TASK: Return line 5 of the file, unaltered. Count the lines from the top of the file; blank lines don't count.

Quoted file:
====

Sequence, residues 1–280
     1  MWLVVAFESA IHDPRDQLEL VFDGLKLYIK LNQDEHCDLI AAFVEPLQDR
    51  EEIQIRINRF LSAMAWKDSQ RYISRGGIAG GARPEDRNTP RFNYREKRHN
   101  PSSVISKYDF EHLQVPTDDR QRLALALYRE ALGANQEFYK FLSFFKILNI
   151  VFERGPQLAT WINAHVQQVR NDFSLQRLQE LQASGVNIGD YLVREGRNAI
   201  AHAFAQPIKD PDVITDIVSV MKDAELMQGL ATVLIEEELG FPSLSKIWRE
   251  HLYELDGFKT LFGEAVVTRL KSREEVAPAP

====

   151  VFERGPQLAT WINAHVQQVR NDFSLQRLQE LQASGVNIGD YLVREGRNAI